In today's political climate, federal workers in Minnesota and nationwide may have heard about recent reports regarding "gag orders" on those who work for federal agencies. However, the U.S. Office of Special Counsel, which is the government entity tasked with enforcing the Whistleblower Protection Enhancement Act, has issued requirements that federal agencies ensure that their policies allow workers to "blow the whistle."
For federal workers, when it comes to being a whistleblower, it is important to understand that simply declaring yourself a whistleblower may not be enough to be afforded the legal protections available per the Whistleblower Protection Enhancement Act. A violation of this act takes place if the federal agency retaliates against a worker because the employee disclosed that the federal agency broke the law, grossly mismanaged or wasted funds, abused its authority or presented a danger to the public that was both substantial and specific.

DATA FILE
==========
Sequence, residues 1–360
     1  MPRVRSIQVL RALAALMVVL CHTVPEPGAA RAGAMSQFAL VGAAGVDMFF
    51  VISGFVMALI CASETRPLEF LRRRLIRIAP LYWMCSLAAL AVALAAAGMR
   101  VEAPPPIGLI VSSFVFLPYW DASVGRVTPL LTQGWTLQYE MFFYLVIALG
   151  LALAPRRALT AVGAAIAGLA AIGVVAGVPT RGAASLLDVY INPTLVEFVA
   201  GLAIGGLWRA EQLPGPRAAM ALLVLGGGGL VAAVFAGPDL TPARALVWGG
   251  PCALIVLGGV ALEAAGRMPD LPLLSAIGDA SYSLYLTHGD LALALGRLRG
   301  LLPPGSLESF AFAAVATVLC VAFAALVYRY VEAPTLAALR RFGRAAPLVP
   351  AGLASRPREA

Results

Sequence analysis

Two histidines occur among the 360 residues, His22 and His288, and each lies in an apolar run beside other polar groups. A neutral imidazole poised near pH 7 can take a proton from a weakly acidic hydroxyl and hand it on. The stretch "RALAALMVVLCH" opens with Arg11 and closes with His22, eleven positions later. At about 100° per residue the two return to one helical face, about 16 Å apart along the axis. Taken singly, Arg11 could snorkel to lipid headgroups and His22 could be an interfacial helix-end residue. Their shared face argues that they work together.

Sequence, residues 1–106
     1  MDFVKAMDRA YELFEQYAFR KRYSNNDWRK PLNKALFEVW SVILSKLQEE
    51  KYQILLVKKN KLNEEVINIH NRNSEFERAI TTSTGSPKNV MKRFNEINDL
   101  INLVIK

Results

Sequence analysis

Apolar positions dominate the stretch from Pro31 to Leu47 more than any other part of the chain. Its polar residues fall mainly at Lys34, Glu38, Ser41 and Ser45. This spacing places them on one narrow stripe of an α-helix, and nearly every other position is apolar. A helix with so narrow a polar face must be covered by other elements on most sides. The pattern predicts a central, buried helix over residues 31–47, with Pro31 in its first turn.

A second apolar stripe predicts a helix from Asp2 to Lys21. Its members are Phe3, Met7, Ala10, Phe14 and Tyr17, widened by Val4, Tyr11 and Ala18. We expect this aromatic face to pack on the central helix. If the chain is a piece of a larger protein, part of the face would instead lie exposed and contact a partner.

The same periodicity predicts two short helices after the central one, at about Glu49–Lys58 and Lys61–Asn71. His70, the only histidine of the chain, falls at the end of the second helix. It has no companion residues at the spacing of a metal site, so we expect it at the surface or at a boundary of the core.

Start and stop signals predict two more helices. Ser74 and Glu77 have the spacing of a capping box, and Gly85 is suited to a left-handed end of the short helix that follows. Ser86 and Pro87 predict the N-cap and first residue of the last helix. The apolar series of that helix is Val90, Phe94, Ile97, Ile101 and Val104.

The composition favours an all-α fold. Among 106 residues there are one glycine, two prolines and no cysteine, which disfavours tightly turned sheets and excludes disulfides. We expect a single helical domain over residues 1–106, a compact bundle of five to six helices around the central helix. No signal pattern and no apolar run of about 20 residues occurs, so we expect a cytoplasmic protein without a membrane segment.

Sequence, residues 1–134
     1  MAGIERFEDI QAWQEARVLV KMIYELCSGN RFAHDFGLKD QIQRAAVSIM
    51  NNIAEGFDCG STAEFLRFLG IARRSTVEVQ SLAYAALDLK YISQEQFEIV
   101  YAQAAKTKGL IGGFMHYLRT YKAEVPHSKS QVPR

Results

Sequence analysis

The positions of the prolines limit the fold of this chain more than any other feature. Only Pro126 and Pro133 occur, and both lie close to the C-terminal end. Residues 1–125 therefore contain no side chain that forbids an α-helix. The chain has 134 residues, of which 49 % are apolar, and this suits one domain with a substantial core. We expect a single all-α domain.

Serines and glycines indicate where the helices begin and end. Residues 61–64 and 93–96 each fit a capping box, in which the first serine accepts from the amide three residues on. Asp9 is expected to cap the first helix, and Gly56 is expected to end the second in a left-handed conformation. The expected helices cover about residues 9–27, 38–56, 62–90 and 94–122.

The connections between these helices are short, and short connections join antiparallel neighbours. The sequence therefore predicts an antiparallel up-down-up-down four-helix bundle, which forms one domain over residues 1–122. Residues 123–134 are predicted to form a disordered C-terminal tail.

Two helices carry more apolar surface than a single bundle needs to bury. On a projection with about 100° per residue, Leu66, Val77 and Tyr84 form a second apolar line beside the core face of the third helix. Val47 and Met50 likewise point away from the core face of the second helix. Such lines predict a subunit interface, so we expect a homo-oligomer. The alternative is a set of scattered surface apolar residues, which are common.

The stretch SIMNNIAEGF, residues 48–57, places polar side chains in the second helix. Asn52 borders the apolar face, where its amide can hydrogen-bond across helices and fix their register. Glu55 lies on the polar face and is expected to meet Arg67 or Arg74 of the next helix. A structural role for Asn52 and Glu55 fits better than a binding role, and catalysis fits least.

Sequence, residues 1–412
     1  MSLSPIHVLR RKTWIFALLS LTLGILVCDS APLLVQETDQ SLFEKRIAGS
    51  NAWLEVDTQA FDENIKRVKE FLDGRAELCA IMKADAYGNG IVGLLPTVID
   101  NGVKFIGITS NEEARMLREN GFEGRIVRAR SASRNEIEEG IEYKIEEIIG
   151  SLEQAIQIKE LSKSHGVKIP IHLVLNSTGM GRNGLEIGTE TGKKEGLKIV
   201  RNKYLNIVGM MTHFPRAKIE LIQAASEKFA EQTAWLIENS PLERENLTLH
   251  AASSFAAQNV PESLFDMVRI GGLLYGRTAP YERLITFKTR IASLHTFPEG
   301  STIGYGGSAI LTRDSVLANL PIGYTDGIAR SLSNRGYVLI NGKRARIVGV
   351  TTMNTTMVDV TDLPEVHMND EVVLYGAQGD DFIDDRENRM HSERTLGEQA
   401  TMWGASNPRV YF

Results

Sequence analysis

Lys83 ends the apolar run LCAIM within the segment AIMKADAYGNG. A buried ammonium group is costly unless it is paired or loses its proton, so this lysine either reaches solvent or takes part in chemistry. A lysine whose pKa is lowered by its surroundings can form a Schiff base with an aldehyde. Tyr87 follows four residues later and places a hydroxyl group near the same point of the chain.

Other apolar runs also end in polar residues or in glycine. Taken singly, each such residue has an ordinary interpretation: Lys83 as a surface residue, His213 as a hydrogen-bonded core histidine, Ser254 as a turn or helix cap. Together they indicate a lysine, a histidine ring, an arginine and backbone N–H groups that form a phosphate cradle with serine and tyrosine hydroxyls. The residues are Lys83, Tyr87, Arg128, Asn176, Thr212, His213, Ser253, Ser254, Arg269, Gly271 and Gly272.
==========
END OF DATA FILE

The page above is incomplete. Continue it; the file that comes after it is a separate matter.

Therefore, if a worker believes that he or she should be afforded the legal protection from retaliation provided by the Whistleblower Protection Enhancement Act, he or she might want to consider contacting an attorney before taking any action. An attorney can help the worker evaluate his or her case, to determine whether he or she qualifies as a whistleblower.
Whistleblowers provide a valuable service in keeping federal agencies honest. However, blowing the whistle on unlawful activity can be an arduous process. Therefore, workers taking this road may want to make sure they do not travel it alone. An employment law attorney may be their best ally in such a situation, by providing legal advice and advocating for the worker's rights.
Source: FedSmith.com, "Do You Have What It Takes To Be A Whistleblower?," Ralph R. Smith, Jan. 26, 2017